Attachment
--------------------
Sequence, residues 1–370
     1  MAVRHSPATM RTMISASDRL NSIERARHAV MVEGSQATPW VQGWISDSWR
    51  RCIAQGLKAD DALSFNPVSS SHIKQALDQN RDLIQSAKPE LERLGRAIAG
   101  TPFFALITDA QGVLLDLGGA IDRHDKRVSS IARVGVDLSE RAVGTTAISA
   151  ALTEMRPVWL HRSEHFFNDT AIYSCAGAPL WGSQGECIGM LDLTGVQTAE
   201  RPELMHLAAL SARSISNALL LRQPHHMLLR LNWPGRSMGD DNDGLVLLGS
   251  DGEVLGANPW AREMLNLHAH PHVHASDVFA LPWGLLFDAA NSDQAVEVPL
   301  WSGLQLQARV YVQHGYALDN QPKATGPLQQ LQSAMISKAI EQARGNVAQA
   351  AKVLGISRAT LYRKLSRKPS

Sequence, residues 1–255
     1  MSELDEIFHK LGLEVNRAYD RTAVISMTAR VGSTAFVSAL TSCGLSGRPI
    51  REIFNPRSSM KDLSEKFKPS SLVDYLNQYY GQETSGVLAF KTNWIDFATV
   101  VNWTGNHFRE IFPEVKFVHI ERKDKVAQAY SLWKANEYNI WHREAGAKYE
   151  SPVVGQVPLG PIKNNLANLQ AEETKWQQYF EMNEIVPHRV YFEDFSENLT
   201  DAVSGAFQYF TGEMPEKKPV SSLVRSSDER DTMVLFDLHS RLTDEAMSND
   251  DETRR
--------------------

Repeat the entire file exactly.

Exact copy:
Sequence, residues 1–370
     1  MAVRHSPATM RTMISASDRL NSIERARHAV MVEGSQATPW VQGWISDSWR
    51  RCIAQGLKAD DALSFNPVSS SHIKQALDQN RDLIQSAKPE LERLGRAIAG
   101  TPFFALITDA QGVLLDLGGA IDRHDKRVSS IARVGVDLSE RAVGTTAISA
   151  ALTEMRPVWL HRSEHFFNDT AIYSCAGAPL WGSQGECIGM LDLTGVQTAE
   201  RPELMHLAAL SARSISNALL LRQPHHMLLR LNWPGRSMGD DNDGLVLLGS
   251  DGEVLGANPW AREMLNLHAH PHVHASDVFA LPWGLLFDAA NSDQAVEVPL
   301  WSGLQLQARV YVQHGYALDN QPKATGPLQQ LQSAMISKAI EQARGNVAQA
   351  AKVLGISRAT LYRKLSRKPS

Sequence, residues 1–255
     1  MSELDEIFHK LGLEVNRAYD RTAVISMTAR VGSTAFVSAL TSCGLSGRPI
    51  REIFNPRSSM KDLSEKFKPS SLVDYLNQYY GQETSGVLAF KTNWIDFATV
   101  VNWTGNHFRE IFPEVKFVHI ERKDKVAQAY SLWKANEYNI WHREAGAKYE
   151  SPVVGQVPLG PIKNNLANLQ AEETKWQQYF EMNEIVPHRV YFEDFSENLT
   201  DAVSGAFQYF TGEMPEKKPV SSLVRSSDER DTMVLFDLHS RLTDEAMSND
   251  DETRR